There are a lot of homages to Sherlock Holmes, but King's books are particularly enjoyable and have been well received. 'O Jerusalem', though, lets the series down. To start with, Holmes and Russell are in the Holy Land on some mysterious mission. They don't know what it is: they are at the command of two mysterious Arabs and they follow them in growing confusion, as does the reader. It should be King's chance to show off her knowledge of Palestine just after the Great War, but the descriptions are confused and confusing. When King describes places I've visited, I don't recognise them. Her geography is often vague and sometimes plain wrong. And the details let her down. The woman sitting over the coals of her hearth. Coal? In Palestine? The sound of the feathers as an owl passes overhead: owls which, as any ornithologist will tell you, have evolved a special arrangement of feathers so their prey can't hear them coming.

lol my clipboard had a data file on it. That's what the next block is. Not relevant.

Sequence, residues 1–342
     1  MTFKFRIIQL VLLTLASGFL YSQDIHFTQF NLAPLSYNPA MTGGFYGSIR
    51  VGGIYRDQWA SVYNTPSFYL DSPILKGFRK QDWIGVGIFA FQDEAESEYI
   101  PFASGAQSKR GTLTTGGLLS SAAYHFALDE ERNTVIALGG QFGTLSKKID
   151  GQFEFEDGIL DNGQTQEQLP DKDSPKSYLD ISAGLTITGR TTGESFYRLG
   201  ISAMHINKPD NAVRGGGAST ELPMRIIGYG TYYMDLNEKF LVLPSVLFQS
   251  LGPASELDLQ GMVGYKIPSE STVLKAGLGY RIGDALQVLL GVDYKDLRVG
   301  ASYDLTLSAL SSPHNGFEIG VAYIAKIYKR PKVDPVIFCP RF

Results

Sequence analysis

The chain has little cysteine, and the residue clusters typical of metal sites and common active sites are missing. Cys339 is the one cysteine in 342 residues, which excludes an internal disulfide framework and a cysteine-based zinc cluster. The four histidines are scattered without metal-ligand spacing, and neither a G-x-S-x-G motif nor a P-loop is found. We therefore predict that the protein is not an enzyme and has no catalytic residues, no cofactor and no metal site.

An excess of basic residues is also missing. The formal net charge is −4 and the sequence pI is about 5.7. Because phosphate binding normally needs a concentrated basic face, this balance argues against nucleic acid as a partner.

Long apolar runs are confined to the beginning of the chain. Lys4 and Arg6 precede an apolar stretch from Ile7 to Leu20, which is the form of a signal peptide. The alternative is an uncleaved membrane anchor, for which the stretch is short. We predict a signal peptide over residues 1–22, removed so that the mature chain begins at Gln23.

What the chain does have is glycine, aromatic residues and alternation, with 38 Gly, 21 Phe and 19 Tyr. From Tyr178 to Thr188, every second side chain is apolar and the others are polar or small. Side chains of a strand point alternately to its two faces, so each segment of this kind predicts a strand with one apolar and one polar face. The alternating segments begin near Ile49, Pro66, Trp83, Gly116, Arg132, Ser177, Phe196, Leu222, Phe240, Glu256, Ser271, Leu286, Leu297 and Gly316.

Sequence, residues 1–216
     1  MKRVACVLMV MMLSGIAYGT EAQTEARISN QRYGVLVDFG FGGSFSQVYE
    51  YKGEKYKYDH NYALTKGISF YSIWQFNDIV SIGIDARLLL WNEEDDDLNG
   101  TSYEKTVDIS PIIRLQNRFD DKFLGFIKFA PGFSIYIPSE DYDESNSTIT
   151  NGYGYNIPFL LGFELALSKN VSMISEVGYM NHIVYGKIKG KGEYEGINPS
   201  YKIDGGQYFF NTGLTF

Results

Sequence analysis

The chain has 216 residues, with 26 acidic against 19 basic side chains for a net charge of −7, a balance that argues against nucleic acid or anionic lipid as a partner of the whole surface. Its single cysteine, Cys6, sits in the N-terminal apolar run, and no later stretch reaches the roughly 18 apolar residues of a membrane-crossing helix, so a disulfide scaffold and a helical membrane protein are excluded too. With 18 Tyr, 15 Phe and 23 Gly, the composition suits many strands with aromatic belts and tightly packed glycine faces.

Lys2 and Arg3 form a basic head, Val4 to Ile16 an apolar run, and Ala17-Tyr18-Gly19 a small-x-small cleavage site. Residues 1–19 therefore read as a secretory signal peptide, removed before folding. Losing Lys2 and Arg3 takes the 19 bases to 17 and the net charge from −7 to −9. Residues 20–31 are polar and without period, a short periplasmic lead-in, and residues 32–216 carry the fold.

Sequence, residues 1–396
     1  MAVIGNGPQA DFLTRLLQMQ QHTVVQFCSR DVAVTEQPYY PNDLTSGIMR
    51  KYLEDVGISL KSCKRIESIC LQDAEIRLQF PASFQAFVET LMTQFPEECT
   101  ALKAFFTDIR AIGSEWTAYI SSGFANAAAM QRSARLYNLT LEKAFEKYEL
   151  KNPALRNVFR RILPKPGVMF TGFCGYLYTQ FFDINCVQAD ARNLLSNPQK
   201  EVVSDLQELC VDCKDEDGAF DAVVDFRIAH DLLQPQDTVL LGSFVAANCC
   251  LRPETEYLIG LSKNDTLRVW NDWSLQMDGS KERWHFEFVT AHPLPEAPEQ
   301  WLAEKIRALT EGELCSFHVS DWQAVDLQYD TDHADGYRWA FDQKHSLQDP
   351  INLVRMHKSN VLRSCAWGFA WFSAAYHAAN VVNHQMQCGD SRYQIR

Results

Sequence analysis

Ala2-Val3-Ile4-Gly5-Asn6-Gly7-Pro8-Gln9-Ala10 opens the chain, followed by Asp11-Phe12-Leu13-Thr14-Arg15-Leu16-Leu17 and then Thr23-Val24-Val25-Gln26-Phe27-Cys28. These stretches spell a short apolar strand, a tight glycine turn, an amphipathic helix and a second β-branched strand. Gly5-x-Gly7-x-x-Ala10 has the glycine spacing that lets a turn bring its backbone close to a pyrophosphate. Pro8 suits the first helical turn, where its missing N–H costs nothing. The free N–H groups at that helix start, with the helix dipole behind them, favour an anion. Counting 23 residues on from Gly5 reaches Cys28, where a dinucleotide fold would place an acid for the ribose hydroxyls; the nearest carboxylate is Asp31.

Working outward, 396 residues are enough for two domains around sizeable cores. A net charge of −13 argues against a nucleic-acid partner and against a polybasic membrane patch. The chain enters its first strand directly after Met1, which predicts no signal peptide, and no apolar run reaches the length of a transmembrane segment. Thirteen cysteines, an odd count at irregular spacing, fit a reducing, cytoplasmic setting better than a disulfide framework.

When we finally get to the real story, the action takes off and we are carried through the implausibilities in fine style, but it's too late. And this is a very modern Holmes: the sleuthing is mere showing off, the villain is unmasked by pantomime heroics and a reasonably high body count.
Not to be recommended, I'm afraid